Jeep has won the top prize in three categories of the UK's biggest on and off-road test of 4x4 vehicles.

4x4 Magazine reviewed 67 vehicles for their annual ‘4x4 of the Year' test and awarded marks in 10 key buying areas: on-road, off-road, comfort, safety, economy, loading, interior, styling, towing and value-for-money.

John Carroll, Editor of 4x4 Magazine, said: "This test aims to put the latest vehicles through a rigorous test and measure them in real world on- and off-road situations. In a market swamped with new 4x4s, Jeep has retained its mastery in three key segments – Budget, Mid-size and Extreme – with the Patriot, Cherokee and Wrangler.

"The Jeep brand seems to offer something for everyone – a Defender-beating Wrangler for the hardcore off-roader who wants a vehicle with better road manners and interior comfort than the competition. For family buyers, the new Cherokee was a revelation to our judges. It is a vast improvement over the previous model – although better road manners are not at the expense of its mastery off the Tarmac. The fuel efficient Patriot is a deserving winner for Budget 4x4 – on-road dynamics are excellent, with good handling and pleasant ride quality allied to a practical and surprisingly roomy interior. Priced from under £16,000, Jeep has clearly got its sums right."

Jeep wins ‘4x4 of the year' hat-trick

Jeep Patriot: winner of Budget 4x4 of the Year

The judges said: "The Patriot is a huge step for Jeep – after all, the US brand built its reputation for ‘proper 4x4s', with low range gearing and classic styling. However, in today's green and cost-conscious climate, the Patriot opens up the Jeep legend to a wider audience. This is primarily thanks to a VW-sourced 2.0-litre turbodiesel that stretches fuel economy to over 42mpg, considerably higher than anything a production Jeep could muster in the past; likewise, CO2 is well below average."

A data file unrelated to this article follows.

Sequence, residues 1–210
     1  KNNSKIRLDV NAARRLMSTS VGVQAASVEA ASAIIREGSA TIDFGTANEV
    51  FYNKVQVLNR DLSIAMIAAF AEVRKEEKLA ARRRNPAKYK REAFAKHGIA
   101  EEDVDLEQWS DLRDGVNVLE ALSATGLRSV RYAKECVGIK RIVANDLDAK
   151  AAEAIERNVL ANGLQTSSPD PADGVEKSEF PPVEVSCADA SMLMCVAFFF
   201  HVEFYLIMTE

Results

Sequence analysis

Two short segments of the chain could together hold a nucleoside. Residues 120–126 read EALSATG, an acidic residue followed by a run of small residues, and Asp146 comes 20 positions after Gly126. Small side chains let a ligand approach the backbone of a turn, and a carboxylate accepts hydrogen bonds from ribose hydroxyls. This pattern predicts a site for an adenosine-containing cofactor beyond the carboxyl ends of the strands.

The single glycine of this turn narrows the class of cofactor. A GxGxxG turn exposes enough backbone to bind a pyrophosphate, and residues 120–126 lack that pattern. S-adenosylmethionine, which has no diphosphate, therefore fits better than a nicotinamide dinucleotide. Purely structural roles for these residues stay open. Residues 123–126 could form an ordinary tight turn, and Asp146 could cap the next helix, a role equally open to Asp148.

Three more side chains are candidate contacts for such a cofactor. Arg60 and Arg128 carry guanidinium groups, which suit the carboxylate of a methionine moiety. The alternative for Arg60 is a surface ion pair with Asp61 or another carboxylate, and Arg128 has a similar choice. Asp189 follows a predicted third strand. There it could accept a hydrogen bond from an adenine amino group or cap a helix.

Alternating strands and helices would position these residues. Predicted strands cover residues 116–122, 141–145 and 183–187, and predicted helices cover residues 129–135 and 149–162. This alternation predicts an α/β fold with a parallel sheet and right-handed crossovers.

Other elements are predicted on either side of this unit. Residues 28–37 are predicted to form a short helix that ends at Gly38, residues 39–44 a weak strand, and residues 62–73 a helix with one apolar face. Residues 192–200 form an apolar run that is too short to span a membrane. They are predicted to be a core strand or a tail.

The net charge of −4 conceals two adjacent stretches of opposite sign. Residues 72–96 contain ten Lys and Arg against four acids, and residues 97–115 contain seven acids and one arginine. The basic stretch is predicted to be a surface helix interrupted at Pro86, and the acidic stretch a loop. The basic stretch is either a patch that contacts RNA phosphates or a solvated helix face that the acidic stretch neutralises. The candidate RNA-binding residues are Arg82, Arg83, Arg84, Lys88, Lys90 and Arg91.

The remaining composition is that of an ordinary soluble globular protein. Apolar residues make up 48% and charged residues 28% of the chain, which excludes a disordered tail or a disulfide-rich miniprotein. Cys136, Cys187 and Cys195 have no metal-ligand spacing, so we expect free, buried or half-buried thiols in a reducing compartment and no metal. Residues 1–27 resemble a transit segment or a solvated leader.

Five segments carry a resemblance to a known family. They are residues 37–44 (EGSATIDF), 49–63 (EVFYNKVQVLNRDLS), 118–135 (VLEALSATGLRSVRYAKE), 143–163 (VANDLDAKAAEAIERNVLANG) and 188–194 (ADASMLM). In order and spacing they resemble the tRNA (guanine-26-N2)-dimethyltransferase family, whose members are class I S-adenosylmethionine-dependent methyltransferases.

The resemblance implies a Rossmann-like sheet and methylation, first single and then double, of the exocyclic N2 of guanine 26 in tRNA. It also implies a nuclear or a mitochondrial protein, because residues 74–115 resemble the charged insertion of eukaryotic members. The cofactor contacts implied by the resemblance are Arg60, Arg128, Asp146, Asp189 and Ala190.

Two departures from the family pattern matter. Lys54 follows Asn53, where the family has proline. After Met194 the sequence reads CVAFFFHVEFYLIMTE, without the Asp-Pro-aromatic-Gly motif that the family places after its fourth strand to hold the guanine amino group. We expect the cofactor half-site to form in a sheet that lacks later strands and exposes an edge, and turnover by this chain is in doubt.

Jeep Cherokee: winner of the Mid-size 4x4 category

"The all-new Cherokee takes Jeep to a new level. Few will quarrel with the new-look interior, which feels both roomier and is decked-out with smarter materials and comfier seats. Gone is the clumsy stable-door tailgate, replaced with a top-opening one-piece item. The rear screen still pops open separately while the boot space is more practical for loading too.

"An improved 2.8-litre turbo diesel provides torque aplenty with smooth six-manual and auto shifters, plus a revised suspension set-up that offers a better on-road drive. Best of all, though, is the Selec Trac II adaptive 4WD system with low range and hill descent control, cementing Jeep's off-road advantage in this sector."

Jeep Wrangler: winner of Extreme 4x4 group

"The descendant of the original 4x4 comes out on top as an extreme plaything and lifestyle vehicle. It rivals the Defender for showroom-spec off-road ability and the low-down torque of its 2.8-litre diesel means it comes pretty close to the Land Rover on rough terrain; the Americans will be wondering why they didn't have a diesel rock-crawling Wrangler sooner. The interior is comfortable and roomy for the driver and front passenger, compared with the Defender's, and the Wrangler is faster and smoother on-road than the Land Rover. It's more nimble off-road than the Patrol and doesn't have that laboured on-Tarmac feel that seems to plague the big Nissan.

"The Jeep is well appointed, with airbags (which the Defender doesn't offer) and optional sat-nav, automatic gearbox and a soft-top. Price is a plus. It's a deserving winner."